“If you’re going to survive in a really customer-centric environment, you have to be really clear about the value you’re delivering to meet clear customer needs, and you need to deliver that efficiently and competitively and cost effectively,” VanderVeen said.
VanderVeen believes there are parallels to how the consortia, fueled in its early years by government funding, was detached from the audience it served.
“They never had to operate in the discipline of being customer-centric and really deliver value and ask questions. Is a 14-hour test too long? Might states balk at that? Is the cost too high? Are the constraints of working with a single vendor just not going to be acceptable to states? They didn’t have to think about that until they did. In an open market, states, or customers, have choices, and states made choices, and they walked away.”
As the consortia shrunk, PARCC’s state-led governing board chose to change direction, and selected New Meridian to lead the way.
“Arthur is being responsive to states’ needs,” said Hanna Skandera, the former New Mexico Secretary of Education who chaired the PARCC governing board until the spring of 2017. “The transition has maintained its commitment to high-quality content, a collaborative effort among educators, economies of scale, and the best elements that PARCC offers with the most flexibility for states.”
States are still finding their footing in this new landscape. New Jersey’s governor, Phil Murphy, won election in 2017 partly on a promise to “end PARCC testing.” When the Department of Education that Murphy now oversees looked to develop its new state assessment, however, it subcontracted with none other than New Meridian, raising the likelihood that PARCC questions could be included on a renamed assessment, like a store-brand option of a brand-name original.
Maryland, one of the last remaining states to administer PARCC this school year, announced in September that it would develop its own assessment, though Dr. Carol Williamson, the state’s Chief Academic Officer, said in an interview in October that he was not yet sure how.
“Unfortunately, that takes more people and more time, and we haven’t quite coped with how we’re going to accomplish that,” she said. “I’m sure we’ll put on one more hat and figure out how we’re going to do that.”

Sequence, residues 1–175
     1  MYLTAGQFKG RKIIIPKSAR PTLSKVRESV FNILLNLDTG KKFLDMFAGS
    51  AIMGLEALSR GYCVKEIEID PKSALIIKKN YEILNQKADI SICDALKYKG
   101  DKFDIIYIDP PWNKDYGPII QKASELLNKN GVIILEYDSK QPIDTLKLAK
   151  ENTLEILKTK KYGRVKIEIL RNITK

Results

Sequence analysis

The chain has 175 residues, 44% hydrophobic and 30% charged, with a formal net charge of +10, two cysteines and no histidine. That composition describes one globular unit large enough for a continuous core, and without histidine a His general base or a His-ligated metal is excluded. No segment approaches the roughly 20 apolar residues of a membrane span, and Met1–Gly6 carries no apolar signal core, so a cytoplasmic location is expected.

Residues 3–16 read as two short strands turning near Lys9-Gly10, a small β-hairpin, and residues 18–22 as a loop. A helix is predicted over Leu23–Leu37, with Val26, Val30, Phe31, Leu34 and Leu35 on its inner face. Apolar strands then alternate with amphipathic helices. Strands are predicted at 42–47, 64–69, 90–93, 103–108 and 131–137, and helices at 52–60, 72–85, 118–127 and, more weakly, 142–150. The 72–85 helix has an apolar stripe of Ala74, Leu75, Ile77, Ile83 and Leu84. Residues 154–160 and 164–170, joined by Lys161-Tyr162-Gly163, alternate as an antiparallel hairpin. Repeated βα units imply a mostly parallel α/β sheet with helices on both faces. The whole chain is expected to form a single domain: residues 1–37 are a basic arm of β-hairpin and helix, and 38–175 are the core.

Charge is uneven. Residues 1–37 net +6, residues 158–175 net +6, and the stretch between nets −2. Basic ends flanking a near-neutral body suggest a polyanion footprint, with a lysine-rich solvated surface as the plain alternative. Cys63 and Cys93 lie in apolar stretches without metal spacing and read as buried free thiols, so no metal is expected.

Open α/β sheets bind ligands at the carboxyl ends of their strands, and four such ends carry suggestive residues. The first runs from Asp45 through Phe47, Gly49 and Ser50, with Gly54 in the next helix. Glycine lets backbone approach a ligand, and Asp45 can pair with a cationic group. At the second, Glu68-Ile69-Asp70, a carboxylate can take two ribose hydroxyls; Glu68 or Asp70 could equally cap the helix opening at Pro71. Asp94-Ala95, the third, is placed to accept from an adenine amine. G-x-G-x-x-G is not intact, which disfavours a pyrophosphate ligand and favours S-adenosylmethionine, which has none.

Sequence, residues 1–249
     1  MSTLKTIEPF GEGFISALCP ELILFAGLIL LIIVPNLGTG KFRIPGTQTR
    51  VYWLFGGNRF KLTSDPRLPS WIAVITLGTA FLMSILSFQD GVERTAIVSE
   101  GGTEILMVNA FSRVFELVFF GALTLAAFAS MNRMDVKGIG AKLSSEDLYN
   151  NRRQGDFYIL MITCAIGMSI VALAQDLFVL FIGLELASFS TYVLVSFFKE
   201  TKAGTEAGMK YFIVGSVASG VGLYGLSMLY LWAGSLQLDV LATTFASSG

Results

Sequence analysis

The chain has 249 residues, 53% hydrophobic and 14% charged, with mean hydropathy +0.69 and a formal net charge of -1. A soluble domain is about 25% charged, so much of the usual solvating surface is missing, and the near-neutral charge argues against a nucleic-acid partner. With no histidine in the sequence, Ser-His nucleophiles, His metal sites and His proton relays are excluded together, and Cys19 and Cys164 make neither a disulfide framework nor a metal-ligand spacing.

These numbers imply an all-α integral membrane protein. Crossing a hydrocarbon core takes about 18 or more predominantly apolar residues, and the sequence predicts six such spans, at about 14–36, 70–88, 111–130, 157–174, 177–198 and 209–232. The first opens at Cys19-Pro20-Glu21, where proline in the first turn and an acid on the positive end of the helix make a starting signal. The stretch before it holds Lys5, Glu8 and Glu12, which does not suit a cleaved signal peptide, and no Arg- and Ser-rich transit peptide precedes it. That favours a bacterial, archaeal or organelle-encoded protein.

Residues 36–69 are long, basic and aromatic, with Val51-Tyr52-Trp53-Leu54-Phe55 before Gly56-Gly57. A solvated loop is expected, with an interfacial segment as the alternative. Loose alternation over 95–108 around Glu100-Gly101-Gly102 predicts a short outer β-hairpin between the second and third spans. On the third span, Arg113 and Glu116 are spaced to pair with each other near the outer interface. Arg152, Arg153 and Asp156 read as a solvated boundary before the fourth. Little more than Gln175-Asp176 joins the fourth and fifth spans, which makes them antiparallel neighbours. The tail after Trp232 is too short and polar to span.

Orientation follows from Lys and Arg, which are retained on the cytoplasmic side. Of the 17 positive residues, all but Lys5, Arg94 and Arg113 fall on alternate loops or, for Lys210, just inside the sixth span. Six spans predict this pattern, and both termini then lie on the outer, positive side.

Williamson is open to including questions from New Meridian’s PARCC item bank on the new state tests, partly so students’ results can be comparable. VanderVeen said states can compare their PARCC results to their new state test results as long as at least 25 percent of the questions on the new test come from the PARCC set.
Having an aggregated state test comprised of questions from different sources underscores the extent to which state testing has deteriorated into “a big nasty tangle,” as Nat Malkus, the deputy director of education policy at the conservative American Enterprise Institute, puts it. He derided the founding idea of PARCC — that there would be “one über committee and they’re going to make one test that everyone is going to take” — and welcomed the idea of a more flexible test bank for states to pull from, an idea he outlined in a blog post for AEI two years ago.
“It would be a much easier nasty tangle to deal with if, when we need to make changes, we could make marginal changes instead of swapping out whole chunks at a time,” he said.
Skandera, the former education commissioner in New Mexico, which is poised to become the last state, along with the District of Columbia, to use the full PARCC test, said all of the political positioning over the last eight years might just end up being for the best.
“We’ll continually see a push, and it’s the right push and a good push, to be responsive to local needs but without compromising the quality,” said Skandera, now the editor-in-chief of the education journal The Line. “This is a sign of where we are heading and we will continue to go. ”
Disclosure: The Bill & Melinda Gates Foundation and the Charles and Lynn Schusterman Family Foundation provide financial support to The 74.
Originally published at www.the74million.org.